In between the excellent music from Alex Cornish, I suspect the ferry will be the hot topic of conversaton.

Solo Circumnavigation of South Georgia - Pt2

Hayley Shephard is on her way to Ushuaia to start her expedition. More info on her blog. This video was recently posted.


How To Make A Viral Video

Coke's first ever viral only advert and it's spot on. It was top of the Viral Video chart this week.

Any Translators In Scandinavia?

We cannot pay you, but we will give you whatever support we can.



We would very much like to make translations available in other languages too.

Most European copies of the DVD have sold to Scandinavia, particularly Norway and Denmark.

If anyone in Scandinavia or anywhere else!) would like to do a similar translation we'd gladly give you all the support we can and credit your work. My email address is under my profile picture.

And no, I don't need a Geordie translation - I can do that myself!

Transcript Of Gordon Brown's Coaching Sessions

We hope this will be a helpful resource to sea kayakers.


There is also a Spanish translation.

These download as .PDF files, with each session as a separate document.

From the feedback we've already received, these look like they will be a popular addition to the DVD. And much easier to take onto the water for reference!

Blue Peter Presenter to Kayak the Amazon

The 2010 mile distance is rather appropriate given the year.

That's how far Blue Peter presenter Helen Skelton will kayak down the Amazon River, according to this report on BBC Newsround.

The site also claims she'll set a world record for the longest solo journey by kayak.

Err, how about Freya's Australian circumnavigaton? That was 8565 miles.

Dolphin vv Kayak

A dolphin which hangs around New Zealand is making headlines in Scotland. It seems Moko is rather boisterous and has been known to flip kayaks. According to the Aberdeen based Press and Journal newspaper, police are investigating an alleged 'attack' on Moko by a disgruntled canoeist. Seems nice enough in this video.


'Revolutionary' Kayak Paddle Blade Design (?)

This is the Raptor kayak paddle from Backwater Paddles. You might like to read the comments below!


That hook and saw-tooth design is not for hydrodynamic, although the company insist these don't suffer.

The unusual design is to allow paddlers to 'push off' or 'grab onto' objects.

In their Press Release they say The “hook” on the top of the radically designed blades affords the paddler the opportunity to grab onto lines, docks, trees, boats, swimmers, floating gear, or anything you can possibly snag. The “teeth” on the outside blade edge provide positive contact during any pushing evolution with the paddles.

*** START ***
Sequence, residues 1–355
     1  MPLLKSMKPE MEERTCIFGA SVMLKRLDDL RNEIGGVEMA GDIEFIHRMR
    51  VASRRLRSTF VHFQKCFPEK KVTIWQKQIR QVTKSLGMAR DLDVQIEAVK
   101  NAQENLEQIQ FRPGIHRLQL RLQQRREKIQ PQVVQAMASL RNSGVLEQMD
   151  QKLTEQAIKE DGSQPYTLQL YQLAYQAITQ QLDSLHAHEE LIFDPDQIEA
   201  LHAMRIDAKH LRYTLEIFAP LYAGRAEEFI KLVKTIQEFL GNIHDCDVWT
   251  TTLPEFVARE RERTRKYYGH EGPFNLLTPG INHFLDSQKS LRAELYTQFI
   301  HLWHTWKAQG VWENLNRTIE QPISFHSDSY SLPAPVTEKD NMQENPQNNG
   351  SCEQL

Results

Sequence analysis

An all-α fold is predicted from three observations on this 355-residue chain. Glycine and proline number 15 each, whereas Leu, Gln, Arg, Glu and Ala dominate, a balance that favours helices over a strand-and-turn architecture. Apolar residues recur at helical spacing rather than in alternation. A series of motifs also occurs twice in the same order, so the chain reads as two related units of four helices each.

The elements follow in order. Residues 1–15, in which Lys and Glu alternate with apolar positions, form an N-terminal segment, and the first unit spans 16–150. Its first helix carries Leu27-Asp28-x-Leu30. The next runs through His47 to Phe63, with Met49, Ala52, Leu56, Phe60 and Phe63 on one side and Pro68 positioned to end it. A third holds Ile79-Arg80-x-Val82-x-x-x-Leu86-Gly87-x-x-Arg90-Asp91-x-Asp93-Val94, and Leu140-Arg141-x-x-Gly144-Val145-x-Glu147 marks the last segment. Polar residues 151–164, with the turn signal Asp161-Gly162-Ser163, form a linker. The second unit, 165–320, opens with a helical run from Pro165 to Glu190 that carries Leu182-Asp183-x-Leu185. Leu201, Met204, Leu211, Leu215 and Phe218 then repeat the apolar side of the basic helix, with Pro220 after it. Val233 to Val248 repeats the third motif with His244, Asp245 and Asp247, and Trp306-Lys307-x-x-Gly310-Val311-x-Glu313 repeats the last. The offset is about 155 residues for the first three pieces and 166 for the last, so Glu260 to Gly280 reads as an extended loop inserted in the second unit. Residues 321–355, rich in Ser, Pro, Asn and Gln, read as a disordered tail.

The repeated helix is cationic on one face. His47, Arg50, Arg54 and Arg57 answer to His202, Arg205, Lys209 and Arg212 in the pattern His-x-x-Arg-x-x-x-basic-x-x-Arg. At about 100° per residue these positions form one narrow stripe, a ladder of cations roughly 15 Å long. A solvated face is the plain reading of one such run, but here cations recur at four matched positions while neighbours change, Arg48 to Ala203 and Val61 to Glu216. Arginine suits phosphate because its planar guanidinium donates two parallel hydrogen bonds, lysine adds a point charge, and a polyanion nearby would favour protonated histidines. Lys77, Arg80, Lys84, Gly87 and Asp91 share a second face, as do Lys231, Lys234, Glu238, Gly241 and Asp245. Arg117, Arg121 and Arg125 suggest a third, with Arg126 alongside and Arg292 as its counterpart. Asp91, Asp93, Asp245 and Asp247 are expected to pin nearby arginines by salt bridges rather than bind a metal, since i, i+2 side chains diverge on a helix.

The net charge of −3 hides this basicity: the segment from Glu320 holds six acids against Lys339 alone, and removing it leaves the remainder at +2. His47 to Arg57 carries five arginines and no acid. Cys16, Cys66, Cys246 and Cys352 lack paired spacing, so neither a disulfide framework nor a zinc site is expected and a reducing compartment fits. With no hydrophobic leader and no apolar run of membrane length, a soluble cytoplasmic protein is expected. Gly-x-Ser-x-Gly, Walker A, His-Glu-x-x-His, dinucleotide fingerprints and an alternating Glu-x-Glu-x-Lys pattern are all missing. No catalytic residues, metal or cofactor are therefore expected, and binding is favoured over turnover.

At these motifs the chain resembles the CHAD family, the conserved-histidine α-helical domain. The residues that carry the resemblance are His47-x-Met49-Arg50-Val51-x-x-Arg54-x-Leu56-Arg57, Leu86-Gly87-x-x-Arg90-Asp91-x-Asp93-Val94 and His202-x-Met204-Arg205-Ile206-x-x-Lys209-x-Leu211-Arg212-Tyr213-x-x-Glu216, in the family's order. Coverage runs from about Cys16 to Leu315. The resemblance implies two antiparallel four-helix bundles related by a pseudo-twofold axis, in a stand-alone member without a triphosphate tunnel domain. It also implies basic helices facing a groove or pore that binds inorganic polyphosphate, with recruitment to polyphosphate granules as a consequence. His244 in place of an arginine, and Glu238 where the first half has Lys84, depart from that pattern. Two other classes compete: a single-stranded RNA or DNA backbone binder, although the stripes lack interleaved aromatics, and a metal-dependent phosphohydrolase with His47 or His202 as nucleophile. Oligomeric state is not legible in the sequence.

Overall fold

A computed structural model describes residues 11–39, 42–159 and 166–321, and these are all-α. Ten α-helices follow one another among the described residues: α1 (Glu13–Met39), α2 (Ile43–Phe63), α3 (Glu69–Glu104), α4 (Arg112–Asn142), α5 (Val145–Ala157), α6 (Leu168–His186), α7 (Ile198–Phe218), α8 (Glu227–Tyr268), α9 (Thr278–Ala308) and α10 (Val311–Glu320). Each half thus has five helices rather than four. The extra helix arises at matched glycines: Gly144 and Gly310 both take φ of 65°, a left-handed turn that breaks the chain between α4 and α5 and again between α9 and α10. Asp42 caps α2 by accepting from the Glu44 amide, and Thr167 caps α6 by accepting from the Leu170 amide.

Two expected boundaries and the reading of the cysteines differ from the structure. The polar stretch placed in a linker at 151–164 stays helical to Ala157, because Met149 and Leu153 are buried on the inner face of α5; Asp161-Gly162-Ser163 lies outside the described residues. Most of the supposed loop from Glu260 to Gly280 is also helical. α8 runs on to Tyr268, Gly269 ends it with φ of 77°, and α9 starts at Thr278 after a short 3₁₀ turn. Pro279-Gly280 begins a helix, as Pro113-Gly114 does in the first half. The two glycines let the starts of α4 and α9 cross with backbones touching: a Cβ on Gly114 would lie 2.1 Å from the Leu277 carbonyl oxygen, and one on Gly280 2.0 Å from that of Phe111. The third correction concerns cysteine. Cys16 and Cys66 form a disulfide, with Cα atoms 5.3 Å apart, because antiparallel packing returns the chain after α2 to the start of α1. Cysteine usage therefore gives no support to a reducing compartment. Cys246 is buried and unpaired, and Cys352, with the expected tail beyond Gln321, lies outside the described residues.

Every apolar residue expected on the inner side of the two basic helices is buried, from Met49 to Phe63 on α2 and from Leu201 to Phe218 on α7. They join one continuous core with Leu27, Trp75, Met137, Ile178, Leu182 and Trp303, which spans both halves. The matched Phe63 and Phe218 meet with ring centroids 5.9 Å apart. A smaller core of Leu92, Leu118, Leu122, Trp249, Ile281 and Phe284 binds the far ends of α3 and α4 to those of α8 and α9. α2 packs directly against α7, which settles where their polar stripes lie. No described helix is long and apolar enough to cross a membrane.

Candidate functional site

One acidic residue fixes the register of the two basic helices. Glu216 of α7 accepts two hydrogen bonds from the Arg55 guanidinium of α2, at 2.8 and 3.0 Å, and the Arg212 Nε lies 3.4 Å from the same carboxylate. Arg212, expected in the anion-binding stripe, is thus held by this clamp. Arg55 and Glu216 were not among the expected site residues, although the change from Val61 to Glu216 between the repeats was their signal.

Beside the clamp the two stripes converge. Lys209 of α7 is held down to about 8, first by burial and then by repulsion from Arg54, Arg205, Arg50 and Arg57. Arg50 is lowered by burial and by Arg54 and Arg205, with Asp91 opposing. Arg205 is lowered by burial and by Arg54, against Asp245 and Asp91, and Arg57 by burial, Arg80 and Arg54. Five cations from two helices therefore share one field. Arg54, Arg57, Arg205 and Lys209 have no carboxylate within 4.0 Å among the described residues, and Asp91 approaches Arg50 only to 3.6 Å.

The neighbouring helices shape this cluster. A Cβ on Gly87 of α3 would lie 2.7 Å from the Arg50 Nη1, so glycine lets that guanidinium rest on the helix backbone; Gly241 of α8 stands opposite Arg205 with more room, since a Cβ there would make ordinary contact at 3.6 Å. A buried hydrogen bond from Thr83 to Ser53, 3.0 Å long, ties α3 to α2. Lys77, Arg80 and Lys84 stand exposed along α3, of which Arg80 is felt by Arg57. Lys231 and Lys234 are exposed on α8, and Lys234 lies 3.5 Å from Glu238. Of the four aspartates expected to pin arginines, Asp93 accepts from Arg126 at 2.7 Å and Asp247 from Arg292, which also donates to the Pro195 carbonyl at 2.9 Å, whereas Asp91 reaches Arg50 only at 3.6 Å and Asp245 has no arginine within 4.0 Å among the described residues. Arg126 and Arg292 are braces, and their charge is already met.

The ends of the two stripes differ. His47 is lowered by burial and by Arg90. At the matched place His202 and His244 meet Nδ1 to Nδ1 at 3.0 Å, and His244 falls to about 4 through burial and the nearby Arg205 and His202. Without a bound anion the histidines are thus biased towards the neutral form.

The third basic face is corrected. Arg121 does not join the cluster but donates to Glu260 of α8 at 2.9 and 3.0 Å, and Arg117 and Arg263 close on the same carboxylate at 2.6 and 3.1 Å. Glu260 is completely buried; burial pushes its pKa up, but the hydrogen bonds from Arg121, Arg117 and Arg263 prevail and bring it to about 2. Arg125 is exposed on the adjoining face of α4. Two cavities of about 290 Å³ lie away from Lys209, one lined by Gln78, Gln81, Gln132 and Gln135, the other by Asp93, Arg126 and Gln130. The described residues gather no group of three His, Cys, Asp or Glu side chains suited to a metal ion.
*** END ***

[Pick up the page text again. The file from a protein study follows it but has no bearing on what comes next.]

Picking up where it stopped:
Previously the company produced hand paddles with similar features. You can see on in use below.

10 Years of Adventure Kayak Magazine


It started early in 2001. It says, "Ever since then we've been able to count our birthdays by the numbers on the calendar. "

Really? Surely it's first birthday would be in 2002?

I'm splitting hairs. Happy 10th birthday when it happens and well done fo surviving so long in a difficult market.



Utterly Superb Footage

This sequence shows the sort of footage Bryan Smith and Matt Maddaloni's new 'cable cam' can produce. For a video maker, this is absolutely mind blowing with one of the highest 'how the f*** did they do that" factor I've seen in ages. Seriously, seriously impressive.


In the summer of 2009, Reel Water Productions teamed up with expert rigger and engineer Matt Maddaloni to design a remote control cable cam. Complete with pan/tilt/roll, zoom and focus control, and a motor that drives the thing at over 60kph we had an amazing year in the field.

Divided By A Common Language

We're making available a written transcript of the coaching sessions in the DVD Sea Kayak with Gordon Brown.

One or two American customers have told me they've struggled to comprehend certain parts of the coaching due to Gordon's Scottish accent.

Now, I had tested this with friends in Spain and Norway, all of whom found they could 'tune in' to Gordon's way of speaking. Because they could understand him, I did not anticipate the need for subtitles in the US.

No matter. Customers can now download PDF transcripts of the coaching sessions, including a Spanish translation by Wenley. Links will soon be on the main DVD website too.



Live Webcast

This was my view of the small studio in Inverness where I recently presented two live 'Webcasts'.

I've been presenting TV programmes for more than thirty years, but this was a first. A live, interactive programme for business users.

The chap in shot is a top accountant who was there to answer questions submitted in real time by the viewers. I was there to hold the thing together.

It's starting small but has the potential to be an excellent communications tool.

Ferry News Becomes 'Ferry Crisis'!

The Leader of Highland Council now reportedly describes the situation with our Corran Ferry as a 'Real crisis'.

That's quite a ramping up. Last week this was discussed at a public meeting. Yesterday it was on a newspaper front page. Today, The Press And Journal newspaper has followed up the story.

It's the story you've read here before with two extra points.

Firstly, all the diverted traffic would go past the end of the Council Leader's drive.